The Fire Department of New York has joined forces with the It Gets Better Project to create a video featuring LGBT firefighters and paramedics sharing their stories and assuring young people struggling with sexual identity that there remains hope.
"When the pain of where you're at is stronger than the fear of where you're going, then you'll move forward," firefighter Luke Allen explains to his viewers.
"When I came out to my mother, she broke down crying because she didn't realize that her child had been carrying a weight that big for that long," Samantha Wilding, a paramedic, tells the camera.
The firefighters and paramedics share a range of coming out stories, from acceptance to rejection by their loved ones. But, ultimately, none of them regrets doing it or appears ashamed of who they are. Conversely, the video's common theme is one of pride. "I am the other and I'm okay with that," Allen reflects.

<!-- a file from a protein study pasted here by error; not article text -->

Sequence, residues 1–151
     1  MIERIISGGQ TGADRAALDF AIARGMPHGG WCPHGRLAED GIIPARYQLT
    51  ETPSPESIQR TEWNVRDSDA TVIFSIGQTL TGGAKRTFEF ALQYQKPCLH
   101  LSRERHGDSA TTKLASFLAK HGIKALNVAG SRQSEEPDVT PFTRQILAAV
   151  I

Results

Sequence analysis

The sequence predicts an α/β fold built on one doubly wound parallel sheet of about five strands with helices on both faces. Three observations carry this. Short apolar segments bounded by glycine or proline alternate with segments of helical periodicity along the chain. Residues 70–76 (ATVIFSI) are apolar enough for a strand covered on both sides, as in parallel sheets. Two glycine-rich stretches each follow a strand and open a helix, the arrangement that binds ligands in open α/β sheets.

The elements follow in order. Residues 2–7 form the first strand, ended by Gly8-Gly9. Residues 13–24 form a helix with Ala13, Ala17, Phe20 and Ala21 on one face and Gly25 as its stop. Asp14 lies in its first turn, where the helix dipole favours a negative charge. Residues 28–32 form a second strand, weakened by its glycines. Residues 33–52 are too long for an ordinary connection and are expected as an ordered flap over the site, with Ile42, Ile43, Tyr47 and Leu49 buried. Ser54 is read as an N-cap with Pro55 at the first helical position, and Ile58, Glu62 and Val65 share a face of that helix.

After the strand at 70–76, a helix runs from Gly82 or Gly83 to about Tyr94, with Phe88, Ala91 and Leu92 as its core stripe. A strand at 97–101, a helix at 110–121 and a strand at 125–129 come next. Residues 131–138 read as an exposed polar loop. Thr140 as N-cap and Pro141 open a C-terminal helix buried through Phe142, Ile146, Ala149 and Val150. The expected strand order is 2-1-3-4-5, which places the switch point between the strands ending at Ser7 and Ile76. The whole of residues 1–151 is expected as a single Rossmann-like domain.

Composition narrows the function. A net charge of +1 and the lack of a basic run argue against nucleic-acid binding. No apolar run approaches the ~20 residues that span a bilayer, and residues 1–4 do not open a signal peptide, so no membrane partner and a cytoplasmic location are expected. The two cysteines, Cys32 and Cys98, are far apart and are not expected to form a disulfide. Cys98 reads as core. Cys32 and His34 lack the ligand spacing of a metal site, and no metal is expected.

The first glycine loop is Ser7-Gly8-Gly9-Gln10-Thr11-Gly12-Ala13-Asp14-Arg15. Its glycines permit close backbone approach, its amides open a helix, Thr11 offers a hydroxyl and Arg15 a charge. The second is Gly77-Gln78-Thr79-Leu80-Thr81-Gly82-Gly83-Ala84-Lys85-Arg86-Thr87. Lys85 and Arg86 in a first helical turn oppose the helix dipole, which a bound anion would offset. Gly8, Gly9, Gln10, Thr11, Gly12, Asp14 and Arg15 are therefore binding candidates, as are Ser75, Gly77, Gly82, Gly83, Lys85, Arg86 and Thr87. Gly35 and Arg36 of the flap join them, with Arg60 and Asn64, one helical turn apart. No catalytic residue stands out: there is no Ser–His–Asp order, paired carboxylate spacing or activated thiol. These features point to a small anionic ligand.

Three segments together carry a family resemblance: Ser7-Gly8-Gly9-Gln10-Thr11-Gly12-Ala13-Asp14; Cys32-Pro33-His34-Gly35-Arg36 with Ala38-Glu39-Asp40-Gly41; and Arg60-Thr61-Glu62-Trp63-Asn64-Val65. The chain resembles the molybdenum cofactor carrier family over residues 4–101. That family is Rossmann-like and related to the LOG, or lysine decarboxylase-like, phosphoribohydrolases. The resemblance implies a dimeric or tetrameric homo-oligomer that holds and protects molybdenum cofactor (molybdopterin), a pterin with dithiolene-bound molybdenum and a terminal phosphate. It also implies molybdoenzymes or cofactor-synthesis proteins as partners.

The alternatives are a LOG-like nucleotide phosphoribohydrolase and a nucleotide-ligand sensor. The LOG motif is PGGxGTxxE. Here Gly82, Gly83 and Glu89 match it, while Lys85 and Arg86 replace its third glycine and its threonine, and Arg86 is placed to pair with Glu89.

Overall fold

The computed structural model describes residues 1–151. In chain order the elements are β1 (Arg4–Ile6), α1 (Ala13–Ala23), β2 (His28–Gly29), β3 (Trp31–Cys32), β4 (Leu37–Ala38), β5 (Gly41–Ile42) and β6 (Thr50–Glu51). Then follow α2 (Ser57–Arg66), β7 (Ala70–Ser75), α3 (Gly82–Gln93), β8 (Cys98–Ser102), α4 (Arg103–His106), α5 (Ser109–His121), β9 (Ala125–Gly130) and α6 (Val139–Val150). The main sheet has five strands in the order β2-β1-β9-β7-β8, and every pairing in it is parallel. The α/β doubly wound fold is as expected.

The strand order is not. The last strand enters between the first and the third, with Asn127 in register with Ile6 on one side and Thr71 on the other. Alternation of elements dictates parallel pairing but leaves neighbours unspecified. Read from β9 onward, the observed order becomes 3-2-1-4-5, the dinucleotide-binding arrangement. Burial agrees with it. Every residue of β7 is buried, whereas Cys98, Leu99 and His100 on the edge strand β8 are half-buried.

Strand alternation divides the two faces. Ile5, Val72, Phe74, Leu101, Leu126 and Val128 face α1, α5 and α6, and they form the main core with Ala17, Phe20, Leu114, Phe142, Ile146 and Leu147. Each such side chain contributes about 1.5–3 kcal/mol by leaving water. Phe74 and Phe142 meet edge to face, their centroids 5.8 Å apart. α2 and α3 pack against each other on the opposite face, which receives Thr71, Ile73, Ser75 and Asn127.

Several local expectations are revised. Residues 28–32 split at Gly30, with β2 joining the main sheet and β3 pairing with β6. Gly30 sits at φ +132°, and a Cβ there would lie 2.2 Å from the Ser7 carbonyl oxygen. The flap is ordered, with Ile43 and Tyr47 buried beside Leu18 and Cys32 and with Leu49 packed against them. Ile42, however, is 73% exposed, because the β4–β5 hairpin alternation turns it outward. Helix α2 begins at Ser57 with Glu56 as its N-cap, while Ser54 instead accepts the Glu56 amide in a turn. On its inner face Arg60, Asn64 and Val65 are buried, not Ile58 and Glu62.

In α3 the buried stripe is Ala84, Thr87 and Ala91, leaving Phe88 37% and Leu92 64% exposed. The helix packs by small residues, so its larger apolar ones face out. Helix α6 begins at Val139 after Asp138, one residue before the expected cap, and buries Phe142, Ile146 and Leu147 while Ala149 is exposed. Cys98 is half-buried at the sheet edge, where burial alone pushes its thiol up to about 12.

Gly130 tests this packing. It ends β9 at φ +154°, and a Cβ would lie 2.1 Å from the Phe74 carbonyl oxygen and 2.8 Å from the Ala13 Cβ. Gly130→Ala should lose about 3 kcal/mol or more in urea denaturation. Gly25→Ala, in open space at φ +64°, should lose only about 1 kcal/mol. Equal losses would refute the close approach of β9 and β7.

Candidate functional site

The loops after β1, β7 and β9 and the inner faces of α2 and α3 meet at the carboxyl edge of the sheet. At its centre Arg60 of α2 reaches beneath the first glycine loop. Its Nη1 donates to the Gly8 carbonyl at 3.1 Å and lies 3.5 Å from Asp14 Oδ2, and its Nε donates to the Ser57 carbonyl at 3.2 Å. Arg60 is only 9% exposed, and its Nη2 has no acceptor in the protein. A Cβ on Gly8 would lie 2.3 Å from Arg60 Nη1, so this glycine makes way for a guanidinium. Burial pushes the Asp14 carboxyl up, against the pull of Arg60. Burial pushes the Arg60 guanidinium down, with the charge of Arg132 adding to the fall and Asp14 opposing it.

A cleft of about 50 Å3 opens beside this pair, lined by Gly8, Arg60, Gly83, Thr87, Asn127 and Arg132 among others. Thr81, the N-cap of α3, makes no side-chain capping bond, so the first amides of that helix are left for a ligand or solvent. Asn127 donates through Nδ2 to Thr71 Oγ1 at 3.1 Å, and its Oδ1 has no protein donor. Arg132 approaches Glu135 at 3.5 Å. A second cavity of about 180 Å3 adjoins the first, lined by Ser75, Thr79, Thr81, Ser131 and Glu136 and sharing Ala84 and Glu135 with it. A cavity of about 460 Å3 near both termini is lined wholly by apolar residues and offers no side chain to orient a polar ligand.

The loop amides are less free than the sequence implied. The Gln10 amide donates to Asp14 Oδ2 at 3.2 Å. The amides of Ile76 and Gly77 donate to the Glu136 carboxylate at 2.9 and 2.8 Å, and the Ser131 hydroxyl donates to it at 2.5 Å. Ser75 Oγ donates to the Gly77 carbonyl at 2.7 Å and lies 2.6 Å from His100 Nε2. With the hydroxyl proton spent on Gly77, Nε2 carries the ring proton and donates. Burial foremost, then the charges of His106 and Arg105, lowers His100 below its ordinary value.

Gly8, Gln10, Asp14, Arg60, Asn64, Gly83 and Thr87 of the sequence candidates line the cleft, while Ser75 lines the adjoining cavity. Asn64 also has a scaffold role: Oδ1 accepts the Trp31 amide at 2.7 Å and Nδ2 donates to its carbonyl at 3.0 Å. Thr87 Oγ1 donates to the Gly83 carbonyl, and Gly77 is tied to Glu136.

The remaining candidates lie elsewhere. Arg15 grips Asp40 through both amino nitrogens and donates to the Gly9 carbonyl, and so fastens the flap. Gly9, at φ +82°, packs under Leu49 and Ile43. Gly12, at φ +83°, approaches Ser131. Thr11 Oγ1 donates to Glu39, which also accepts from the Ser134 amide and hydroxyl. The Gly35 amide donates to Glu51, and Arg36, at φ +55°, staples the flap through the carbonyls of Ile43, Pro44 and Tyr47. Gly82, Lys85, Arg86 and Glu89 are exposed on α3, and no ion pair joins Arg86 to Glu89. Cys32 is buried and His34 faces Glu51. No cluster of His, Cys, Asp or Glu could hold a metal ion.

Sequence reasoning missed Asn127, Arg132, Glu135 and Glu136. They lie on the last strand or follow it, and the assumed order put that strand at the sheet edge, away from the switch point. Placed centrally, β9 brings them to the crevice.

"If I could give a message to myself when I was a teen, I would tell myself not to give up on being who you are," Rev. Ann Kansfield, FDNY's first openly lesbian chaplain, says in the video.
"Don't let anyone tell you who to be, or how to be, that's not true to who you are," another says.
More than 4 in 10 LGBT youth feel as though they live in unaccepting communities, according to the Human Rights Campaign, and they are two times as likely to report being physically assaulted than their heterosexual counterparts. Youth struggling with sexual identity are also four times more likely to attempt suicide, the Trevor Project reports. The statistics are even worse among Hispanic and black youth.
Writer Dan Savage and his partner, Terry Miller, started the It Gets Better Project in 2010 precisely because of the difficulties so many LGBT youth still face. "The It Gets Better Project's mission is to communicate to lesbian, gay, bisexual and transgender youth around the world that it gets better, and to create and inspire the changes needed to make it better for them," their website reads.
The FDNY, a traditionally celebrated institution for its heroism, is perhaps all the more impactful with this message of acceptance. Allen concludes that everyone, regardless of orientation, deserves acceptance: "Love yourself, be okay with yourself, because it is okay. You're worthy of love."